ITV calls for fair deal on retrans fees

UK commercial Public Service Broadcaster ITV has called for major pay-TV platforms to pay UK Public Service Broadcasters (PSBs) fairly for the transmission of their channels, ending what is effectively a multi-million pound subsidy to Sky and Virgin.

The demand for action follows the publication of a report that shows how retransmission payments to broadcasters in the US have contributed significantly to the new ‘golden age of television’ in North America.

In the United States the ‘retransmission consent scheme’, which was introduced in 1992, means free-to-air broadcasters are paid for delivering content to competing platforms.

The research, carried out by NERA Economic Consulting, concludes that introducing payments to broadcasters for retransmitting their content has “contributed significantly to the overall health of the US broadcasting industry”.

In 2013, US free-to-air broadcasters received around $3.3 billion in retransmission payments. The report reveals that these fees account for less than 3 per cent of cable operators’ revenues, and have little or no impact on pay-TV prices.

ITV says that UK PSBs invest around £3 billion on programming – and that it alone spends almost £1 billion a year – the vast majority of which is invested in original UK content. In the case of the commercial PSBs, this is not only a driver for UK economic growth, the content is provided free to viewers throughout the UK at no direct cost to the taxpayer. Under the current regime, no payment is made by the Pay-TV platforms to PSBs who fund this programming.

Adam Crozier, Chief Executive at ITV, said that introducing retransmission fees would have clear benefits to the UK creative industries and the wider economy – as well as to viewers right across the UK – by enabling PSBs to continue to invest in the original programming people love to watch.

“The majority of viewing on these pay-TV platforms is PSB programming yet ITV, whether as producer or broadcaster investing in creating that content, doesn’t receive any payment – despite the fact that pay-TV platforms pay commercial terms for other channels. The impact of this wholly outdated regime is that UK Public Service Broadcasters are forced to subsidise major pay-TV platforms. In today’s highly competitive media marketplace that is simply wrong – and to the detriment not just of the PSBs, but the consumer and the wider UK creative economy,” he added.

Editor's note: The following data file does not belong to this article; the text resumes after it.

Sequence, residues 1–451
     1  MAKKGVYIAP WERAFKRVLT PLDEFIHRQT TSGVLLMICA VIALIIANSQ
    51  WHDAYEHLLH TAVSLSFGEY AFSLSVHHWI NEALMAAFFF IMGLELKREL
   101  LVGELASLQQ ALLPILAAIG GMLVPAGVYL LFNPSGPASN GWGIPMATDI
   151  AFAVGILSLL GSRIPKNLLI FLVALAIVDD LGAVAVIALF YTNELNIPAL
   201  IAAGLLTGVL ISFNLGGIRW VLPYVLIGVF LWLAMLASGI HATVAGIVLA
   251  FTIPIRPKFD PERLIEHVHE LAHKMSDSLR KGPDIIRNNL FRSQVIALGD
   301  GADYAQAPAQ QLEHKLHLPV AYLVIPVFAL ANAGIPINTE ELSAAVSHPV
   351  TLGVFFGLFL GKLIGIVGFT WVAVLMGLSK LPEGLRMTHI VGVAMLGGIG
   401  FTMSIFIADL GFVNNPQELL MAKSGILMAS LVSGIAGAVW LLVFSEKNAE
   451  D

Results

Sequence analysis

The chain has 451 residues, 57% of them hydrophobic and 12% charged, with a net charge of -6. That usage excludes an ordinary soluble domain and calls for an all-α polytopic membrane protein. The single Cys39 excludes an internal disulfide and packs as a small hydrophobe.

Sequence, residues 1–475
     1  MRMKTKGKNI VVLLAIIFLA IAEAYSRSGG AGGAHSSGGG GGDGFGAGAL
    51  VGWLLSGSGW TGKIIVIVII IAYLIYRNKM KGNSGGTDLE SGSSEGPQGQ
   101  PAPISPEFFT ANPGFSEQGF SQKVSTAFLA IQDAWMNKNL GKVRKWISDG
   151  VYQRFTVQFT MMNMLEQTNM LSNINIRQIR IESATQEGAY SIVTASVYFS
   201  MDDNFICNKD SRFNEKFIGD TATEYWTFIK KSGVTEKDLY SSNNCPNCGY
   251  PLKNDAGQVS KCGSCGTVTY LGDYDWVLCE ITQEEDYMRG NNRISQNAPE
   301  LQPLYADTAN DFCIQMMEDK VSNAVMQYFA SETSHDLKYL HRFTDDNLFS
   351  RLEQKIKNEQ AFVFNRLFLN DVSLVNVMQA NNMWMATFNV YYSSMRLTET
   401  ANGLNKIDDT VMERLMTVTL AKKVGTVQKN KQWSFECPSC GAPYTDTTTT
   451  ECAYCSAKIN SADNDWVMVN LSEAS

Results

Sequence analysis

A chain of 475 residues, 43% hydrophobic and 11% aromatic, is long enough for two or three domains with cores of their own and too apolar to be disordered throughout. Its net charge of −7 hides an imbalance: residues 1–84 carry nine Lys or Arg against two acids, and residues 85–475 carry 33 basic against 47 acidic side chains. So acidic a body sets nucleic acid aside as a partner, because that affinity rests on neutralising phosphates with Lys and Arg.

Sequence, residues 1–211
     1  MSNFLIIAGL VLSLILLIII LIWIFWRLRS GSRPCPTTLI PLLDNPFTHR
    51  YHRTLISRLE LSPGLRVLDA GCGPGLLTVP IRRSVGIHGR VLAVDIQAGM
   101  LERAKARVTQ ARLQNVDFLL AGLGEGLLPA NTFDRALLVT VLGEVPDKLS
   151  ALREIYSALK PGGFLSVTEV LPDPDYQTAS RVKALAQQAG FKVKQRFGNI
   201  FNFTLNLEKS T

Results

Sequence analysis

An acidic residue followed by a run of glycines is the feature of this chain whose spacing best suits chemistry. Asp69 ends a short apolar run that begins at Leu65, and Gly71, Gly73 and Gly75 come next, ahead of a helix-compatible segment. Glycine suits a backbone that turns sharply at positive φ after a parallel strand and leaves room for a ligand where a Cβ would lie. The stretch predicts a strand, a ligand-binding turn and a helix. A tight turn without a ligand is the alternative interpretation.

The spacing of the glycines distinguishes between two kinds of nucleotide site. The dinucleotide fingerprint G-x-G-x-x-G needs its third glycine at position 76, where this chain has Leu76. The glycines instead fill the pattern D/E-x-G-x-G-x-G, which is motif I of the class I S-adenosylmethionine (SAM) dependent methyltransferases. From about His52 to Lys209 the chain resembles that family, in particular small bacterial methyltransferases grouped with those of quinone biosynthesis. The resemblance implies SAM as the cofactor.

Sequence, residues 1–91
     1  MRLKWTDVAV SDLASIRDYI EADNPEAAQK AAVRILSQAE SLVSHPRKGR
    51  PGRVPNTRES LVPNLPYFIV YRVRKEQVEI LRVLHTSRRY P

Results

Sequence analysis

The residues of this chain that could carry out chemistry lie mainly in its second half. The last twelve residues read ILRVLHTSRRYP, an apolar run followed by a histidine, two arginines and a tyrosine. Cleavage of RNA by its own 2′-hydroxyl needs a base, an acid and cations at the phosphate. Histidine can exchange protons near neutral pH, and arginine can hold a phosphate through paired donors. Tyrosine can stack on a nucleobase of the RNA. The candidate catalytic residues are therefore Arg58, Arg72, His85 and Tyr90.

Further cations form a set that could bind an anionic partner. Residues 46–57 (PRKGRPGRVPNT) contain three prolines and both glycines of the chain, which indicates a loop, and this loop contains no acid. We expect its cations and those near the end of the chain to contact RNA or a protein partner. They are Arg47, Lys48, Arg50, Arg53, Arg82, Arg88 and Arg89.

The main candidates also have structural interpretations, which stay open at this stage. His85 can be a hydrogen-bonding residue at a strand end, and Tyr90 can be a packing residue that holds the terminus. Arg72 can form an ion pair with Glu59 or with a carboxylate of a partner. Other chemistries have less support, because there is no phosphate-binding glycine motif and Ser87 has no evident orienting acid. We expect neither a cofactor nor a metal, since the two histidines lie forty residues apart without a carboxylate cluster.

“It is in the interests of all broadcasters that we encourage the regulator and government to look again at this issue for the benefit of the industry and viewers,” he concluded.

Other key findings from the report – Delivering for Television Viewers: Retransmission Consent and the US Market for Video Content – commissioned by ITV in partnership with Germany’s VPRT and Free TV Australia, include:

  • In 2013, US free-to-air broadcasters received approximately $3.3 billion in retransmission payments accounting for nearly 15 per cent of total broadcast television revenue in 2013. This is projected to rise to 25 per cent by 2019.
  • Retransmission payments account for more than one-third of all spending on broadcast television programming, providing US broadcasters with the financial capability to invest in original content and innovation whilst helping to fund the airing of major sports events on free-to-air television, HD content and new multi-cast television services.
  • The US television market has outperformed the rest of the world – much of which does not have retransmission consent – and the consistent investment in quality content suggests the regime has served the public interest and benefits consumers creating a more efficient and robust market for digital content of all types.
  • The combination of minimal impact on pay-TV prices together with the consistent delivery of high levels of investment in quality US TV content suggests the retransmission regime serves the public interest.

 

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